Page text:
Haemopoietic injury after irradiation: analysis of dose responses and repair using a target-cell model.

2.50
Hdl Handle:
http://hdl.handle.net/10541/95481
Title:
Haemopoietic injury after irradiation: analysis of dose responses and repair using a target-cell model.
Authors:
Millar, W T; Hendry, Jolyon H
Abstract:
Published dose-incidence data for haemopoietic lethality in mice have been analysed using a mathematical model based on target-cell survival. The analysis of three comprehensive data sets produced an initial D(o) value of about 1.4 Gy, decreasing to about 1.1 Gy at 3 Gy, 0.9 Gy at 5 Gy, and about 0.7 Gy at a dose of 10 Gy. The alpha/beta ratio was about 14 Gy, and the repair half-time was about 0.3 h. The level of target-cell depletion at LD37 was at about 6 x 10(-4). The D(o) values are compatible with those measured directly for several stages of early haemopoietic progenitor cells in the marrow. The additional use of 13 or alternatively 24 other less-comprehensive data sets increased the overall degree of heterogeneity, so flattening dose-response curves and increasing the deduced overall D(o) values by a factor of about 2. However, when these data sets were stratified with respect to ln(N(o)) where N(o) is the number of tissue rescuing units (TRU), the results were comparable to those obtained when the three comprehensive data sets were analysed individually. Also, the repair halftime was higher at about 1 h. Further, the implied radiosensitivity of the projected target-cell population comprising the TRU was similar to the survival curves obtained for CFU-S and other closely-related haemopoietic progenitor cell types. It has been shown that the number of critical TRU at risk in the marrow is the main feature modulating heterogeneity even when it is assumed that the cellular radiosensitivity does not vary between strains. The number of stem cells comprising a TRU may vary between strains and this may also be influenced by environmental and/or immunological factors. However, it is certainly the case that the initial complement of TRU plays a major role in the incidence of whole body radiation induced mortality.
Affiliation:
CRC Department of Radiation Oncology, Glasgow University, UK.
Citation:
Haemopoietic injury after irradiation: analysis of dose responses and repair using a target-cell model. 1997, 72 (5):561-73 Int. J. Radiat. Biol.
Journal:
International Journal of Radiation Biology
Issue Date:
Nov-1997
URI:
http://hdl.handle.net/10541/95481
PubMed ID:
9374436
Type:
Article
Language:
en
ISSN:
0955-3002
Appears in Collections:
All Paterson Institute for Cancer Research

Full metadata record

DC FieldValue Language
dc.contributor.authorMillar, W Ten
dc.contributor.authorHendry, Jolyon Hen
dc.date.accessioned2010-04-01T13:54:07Z-
dc.date.available2010-04-01T13:54:07Z-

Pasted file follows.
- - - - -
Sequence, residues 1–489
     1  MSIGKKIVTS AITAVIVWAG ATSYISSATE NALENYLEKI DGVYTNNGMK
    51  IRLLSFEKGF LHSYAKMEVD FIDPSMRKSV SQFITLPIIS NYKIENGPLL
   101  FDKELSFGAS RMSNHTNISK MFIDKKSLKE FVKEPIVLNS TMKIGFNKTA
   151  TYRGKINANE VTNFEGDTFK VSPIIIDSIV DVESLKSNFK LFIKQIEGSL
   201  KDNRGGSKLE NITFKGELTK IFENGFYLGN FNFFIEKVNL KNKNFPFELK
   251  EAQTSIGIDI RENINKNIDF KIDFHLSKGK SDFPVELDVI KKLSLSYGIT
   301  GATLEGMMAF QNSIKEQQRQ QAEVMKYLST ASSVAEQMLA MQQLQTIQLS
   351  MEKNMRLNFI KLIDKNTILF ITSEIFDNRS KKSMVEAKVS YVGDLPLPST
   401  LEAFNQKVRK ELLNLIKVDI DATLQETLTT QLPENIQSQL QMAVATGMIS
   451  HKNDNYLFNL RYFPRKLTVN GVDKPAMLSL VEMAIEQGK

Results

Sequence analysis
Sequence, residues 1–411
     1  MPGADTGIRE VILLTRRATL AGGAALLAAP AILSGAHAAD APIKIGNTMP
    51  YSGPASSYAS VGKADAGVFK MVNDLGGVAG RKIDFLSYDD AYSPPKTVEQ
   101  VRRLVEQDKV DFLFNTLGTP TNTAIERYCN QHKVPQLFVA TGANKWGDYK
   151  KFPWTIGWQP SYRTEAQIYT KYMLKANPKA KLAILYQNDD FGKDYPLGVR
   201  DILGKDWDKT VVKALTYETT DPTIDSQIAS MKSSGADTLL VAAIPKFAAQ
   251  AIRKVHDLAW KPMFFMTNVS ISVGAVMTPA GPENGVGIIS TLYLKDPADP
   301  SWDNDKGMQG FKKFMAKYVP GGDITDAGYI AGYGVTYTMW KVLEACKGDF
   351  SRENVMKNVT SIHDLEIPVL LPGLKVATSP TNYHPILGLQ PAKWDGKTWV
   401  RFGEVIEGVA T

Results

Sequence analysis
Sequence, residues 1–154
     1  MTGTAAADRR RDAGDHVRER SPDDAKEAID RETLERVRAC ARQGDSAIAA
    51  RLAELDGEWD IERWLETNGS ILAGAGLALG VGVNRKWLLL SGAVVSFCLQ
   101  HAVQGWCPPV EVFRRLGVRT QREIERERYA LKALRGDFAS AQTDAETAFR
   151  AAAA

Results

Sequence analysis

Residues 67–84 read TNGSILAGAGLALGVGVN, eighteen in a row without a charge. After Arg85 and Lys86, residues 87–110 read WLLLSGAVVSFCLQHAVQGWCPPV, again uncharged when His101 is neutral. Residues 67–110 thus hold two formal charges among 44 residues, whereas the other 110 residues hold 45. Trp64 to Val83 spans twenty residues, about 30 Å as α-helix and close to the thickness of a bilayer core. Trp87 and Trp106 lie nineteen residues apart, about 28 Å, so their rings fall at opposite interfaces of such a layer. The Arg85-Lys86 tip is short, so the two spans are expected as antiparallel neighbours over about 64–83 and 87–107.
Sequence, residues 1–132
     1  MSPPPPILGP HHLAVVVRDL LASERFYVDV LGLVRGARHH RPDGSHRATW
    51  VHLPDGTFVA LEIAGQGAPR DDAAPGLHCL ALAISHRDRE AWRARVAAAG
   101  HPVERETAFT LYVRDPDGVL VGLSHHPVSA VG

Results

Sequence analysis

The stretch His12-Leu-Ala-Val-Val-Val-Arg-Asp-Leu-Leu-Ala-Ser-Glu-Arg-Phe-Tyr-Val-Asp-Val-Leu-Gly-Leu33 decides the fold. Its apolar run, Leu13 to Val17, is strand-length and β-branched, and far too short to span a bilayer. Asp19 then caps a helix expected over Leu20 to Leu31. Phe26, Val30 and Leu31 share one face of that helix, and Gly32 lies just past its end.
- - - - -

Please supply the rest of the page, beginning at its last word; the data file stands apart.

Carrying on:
dc.date.issued1997-11-
dc.identifier.citationHaemopoietic injury after irradiation: analysis of dose responses and repair using a target-cell model. 1997, 72 (5):561-73 Int. J. Radiat. Biol.en
dc.identifier.issn0955-3002-
dc.identifier.pmid9374436-
dc.identifier.urihttp://hdl.handle.net/10541/95481-
dc.description.abstractPublished dose-incidence data for haemopoietic lethality in mice have been analysed using a mathematical model based on target-cell survival. The analysis of three comprehensive data sets produced an initial D(o) value of about 1.4 Gy, decreasing to about 1.1 Gy at 3 Gy, 0.9 Gy at 5 Gy, and about 0.7 Gy at a dose of 10 Gy. The alpha/beta ratio was about 14 Gy, and the repair half-time was about 0.3 h. The level of target-cell depletion at LD37 was at about 6 x 10(-4). The D(o) values are compatible with those measured directly for several stages of early haemopoietic progenitor cells in the marrow. The additional use of 13 or alternatively 24 other less-comprehensive data sets increased the overall degree of heterogeneity, so flattening dose-response curves and increasing the deduced overall D(o) values by a factor of about 2. However, when these data sets were stratified with respect to ln(N(o)) where N(o) is the number of tissue rescuing units (TRU), the results were comparable to those obtained when the three comprehensive data sets were analysed individually. Also, the repair halftime was higher at about 1 h. Further, the implied radiosensitivity of the projected target-cell population comprising the TRU was similar to the survival curves obtained for CFU-S and other closely-related haemopoietic progenitor cell types. It has been shown that the number of critical TRU at risk in the marrow is the main feature modulating heterogeneity even when it is assumed that the cellular radiosensitivity does not vary between strains. The number of stem cells comprising a TRU may vary between strains and this may also be influenced by environmental and/or immunological factors. However, it is certainly the case that the initial complement of TRU plays a major role in the incidence of whole body radiation induced mortality.en
dc.language.isoenen
dc.subject.meshAnimals-
dc.subject.meshDose-Response Relationship, Radiation-
dc.subject.meshHematopoiesis-
dc.subject.meshMice-
dc.subject.meshModels, Biological-
dc.titleHaemopoietic injury after irradiation: analysis of dose responses and repair using a target-cell model.en
dc.typeArticleen
dc.contributor.departmentCRC Department of Radiation Oncology, Glasgow University, UK.en
dc.identifier.journalInternational Journal of Radiation Biologyen
All Items in Christie are protected by copyright, with all rights reserved, unless otherwise indicated.